Turkey’s Financial Stability Committee discussed the impact of global inflation and rising commodity prices on macroeconomic indicators, and the effect of tightening financial conditions on developing countries, it said in a statement.
The committee’s meeting on Monday came against the background of surging inflation and fears of global recession, and amid the depreciation in the Turkish lira, which slipped to its weakest level against the U.S. dollar since last December.
The committee, chaired by Treasury and Finance Minister Nureddin Nebati, also discussed the latest developments in the insurance and banking sectors, the statement said, adding the Turkish banking sector’s core indicators remained strong.
“It is seen that the insurance sector and capital markets’ contributions to the economy continue,” it said, adding that the impact of macroprudential policy steps on credit markets was analyzed as well.
“The committee will continue to ensure the cooperation and collaboration between members in taking the necessary steps within the framework of the pre-determined policy,” it said.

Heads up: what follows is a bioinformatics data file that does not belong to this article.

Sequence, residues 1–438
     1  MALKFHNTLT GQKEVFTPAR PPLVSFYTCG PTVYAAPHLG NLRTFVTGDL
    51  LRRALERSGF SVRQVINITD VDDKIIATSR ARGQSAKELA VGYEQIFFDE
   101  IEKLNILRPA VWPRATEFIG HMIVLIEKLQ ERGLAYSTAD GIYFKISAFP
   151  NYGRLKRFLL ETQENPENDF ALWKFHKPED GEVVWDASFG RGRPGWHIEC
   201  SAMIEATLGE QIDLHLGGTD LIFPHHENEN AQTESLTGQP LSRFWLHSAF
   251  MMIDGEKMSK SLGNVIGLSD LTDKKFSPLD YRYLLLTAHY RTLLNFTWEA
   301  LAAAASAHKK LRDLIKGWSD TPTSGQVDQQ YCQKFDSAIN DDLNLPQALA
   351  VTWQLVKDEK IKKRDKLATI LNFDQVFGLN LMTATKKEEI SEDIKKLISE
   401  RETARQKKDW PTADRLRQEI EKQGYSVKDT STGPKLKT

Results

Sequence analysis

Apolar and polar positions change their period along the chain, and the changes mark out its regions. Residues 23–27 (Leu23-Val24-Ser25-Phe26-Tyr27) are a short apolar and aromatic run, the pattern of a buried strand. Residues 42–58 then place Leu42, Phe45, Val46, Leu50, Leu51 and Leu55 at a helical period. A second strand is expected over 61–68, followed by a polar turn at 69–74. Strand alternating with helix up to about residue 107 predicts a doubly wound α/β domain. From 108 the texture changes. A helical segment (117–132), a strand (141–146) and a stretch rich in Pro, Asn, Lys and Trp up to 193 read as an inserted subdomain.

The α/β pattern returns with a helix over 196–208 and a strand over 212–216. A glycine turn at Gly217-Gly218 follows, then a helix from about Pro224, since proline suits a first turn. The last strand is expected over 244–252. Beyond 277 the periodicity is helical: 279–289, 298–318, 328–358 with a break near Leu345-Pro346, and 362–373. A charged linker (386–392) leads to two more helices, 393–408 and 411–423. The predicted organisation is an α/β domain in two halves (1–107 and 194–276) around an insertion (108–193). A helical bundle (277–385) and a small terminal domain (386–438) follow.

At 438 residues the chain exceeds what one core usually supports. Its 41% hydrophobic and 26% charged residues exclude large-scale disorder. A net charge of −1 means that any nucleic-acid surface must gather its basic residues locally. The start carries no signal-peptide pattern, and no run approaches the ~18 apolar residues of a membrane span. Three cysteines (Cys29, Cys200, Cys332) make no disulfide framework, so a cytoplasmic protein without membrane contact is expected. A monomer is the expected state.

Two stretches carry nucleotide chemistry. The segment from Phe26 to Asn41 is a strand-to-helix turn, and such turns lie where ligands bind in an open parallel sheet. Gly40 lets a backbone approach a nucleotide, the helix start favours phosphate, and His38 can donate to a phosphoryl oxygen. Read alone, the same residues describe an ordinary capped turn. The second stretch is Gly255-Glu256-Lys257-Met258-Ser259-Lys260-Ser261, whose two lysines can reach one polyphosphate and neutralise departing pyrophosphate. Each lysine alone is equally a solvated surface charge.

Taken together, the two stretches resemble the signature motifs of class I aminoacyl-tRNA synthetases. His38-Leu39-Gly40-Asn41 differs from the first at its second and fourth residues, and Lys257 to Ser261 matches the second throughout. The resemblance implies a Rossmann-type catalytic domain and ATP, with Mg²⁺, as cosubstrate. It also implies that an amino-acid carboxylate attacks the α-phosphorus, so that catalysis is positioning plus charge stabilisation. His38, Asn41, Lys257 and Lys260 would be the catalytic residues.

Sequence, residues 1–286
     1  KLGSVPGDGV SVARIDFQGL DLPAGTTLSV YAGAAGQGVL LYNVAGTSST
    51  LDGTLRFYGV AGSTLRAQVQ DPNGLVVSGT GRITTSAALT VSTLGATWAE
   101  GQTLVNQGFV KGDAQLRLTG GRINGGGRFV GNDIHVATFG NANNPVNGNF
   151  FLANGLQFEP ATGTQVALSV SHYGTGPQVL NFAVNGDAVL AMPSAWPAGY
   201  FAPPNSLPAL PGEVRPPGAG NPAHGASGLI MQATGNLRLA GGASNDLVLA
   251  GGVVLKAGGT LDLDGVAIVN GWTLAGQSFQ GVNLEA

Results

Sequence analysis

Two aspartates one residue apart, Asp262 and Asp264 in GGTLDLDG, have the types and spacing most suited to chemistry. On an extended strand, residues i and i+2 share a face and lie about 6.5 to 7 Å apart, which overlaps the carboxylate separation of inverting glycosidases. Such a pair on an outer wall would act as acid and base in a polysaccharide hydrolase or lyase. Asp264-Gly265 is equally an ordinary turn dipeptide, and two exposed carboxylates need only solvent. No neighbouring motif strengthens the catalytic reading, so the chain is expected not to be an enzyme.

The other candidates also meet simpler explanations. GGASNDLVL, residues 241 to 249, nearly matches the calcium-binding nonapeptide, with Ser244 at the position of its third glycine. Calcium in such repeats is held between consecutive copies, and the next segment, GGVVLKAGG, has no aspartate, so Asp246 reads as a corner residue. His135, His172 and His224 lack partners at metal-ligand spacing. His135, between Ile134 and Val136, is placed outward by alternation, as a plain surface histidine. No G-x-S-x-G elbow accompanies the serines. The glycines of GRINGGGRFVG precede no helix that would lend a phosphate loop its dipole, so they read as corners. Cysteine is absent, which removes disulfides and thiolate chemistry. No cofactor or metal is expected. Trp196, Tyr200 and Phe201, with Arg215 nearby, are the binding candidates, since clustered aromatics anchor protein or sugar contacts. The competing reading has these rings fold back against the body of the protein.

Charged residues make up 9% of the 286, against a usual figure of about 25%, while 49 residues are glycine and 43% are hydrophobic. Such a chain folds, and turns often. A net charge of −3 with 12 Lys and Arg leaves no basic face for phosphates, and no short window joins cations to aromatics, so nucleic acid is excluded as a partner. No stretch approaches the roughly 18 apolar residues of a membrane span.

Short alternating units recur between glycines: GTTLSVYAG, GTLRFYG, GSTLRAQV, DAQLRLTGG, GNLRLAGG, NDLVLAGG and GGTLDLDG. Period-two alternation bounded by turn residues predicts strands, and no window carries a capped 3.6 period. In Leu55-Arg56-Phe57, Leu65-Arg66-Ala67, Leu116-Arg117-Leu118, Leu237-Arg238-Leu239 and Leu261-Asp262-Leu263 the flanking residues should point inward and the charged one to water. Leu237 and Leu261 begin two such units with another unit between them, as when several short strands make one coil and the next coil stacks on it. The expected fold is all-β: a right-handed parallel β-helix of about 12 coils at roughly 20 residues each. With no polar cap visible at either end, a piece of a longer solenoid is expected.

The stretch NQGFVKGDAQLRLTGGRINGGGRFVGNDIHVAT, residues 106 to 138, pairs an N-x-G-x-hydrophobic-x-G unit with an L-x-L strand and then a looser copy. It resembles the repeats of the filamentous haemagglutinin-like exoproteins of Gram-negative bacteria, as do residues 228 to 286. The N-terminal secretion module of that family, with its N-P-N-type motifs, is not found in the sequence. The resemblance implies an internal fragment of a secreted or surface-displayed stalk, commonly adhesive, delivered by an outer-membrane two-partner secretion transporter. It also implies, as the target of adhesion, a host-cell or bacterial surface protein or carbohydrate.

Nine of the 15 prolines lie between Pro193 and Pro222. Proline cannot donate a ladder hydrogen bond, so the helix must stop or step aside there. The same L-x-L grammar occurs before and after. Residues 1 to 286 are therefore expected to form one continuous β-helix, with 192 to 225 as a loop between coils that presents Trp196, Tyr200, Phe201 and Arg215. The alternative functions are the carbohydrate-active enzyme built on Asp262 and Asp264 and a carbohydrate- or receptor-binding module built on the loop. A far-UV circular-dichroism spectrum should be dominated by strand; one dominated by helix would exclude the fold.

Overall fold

Turkish inflation neared 80% last month, a 24-year high, propelled by a spike in global commodity and energy prices, following Russia’s invasion of Ukraine.
President Recep Tayyip Erdoğan has said the inflation burden on households will ease around the end of the first quarter of 2023.
The lira weakened to 17.85 against the dollar on Monday, nearing an all-time low of 18.4 it hit in December.
Turkey’s central bank is expected to keep its policy rate steady for at least another year, focusing on macroprudential measures on loans and liquidity.
The central bank held its policy rate unchanged at 14% for a seventh straight month last week, as it reiterated its expectation that the disinflation trend was expected to begin.
The key policy rate has been steady since January when the Central Bank of the Republic of Turkey (CBRT) paused an easing cycle after its cuts totaling 500 basis points since September last year.
The government has been affirming its commitment to boosting production, exports and employment with a low-rates policy, and has promised a current account surplus that is said to eventually steady the lira and cool inflation.
Under the current economic program, the government wants the private sector to make investments by taking advantage of low rates to increase production, exports and employment.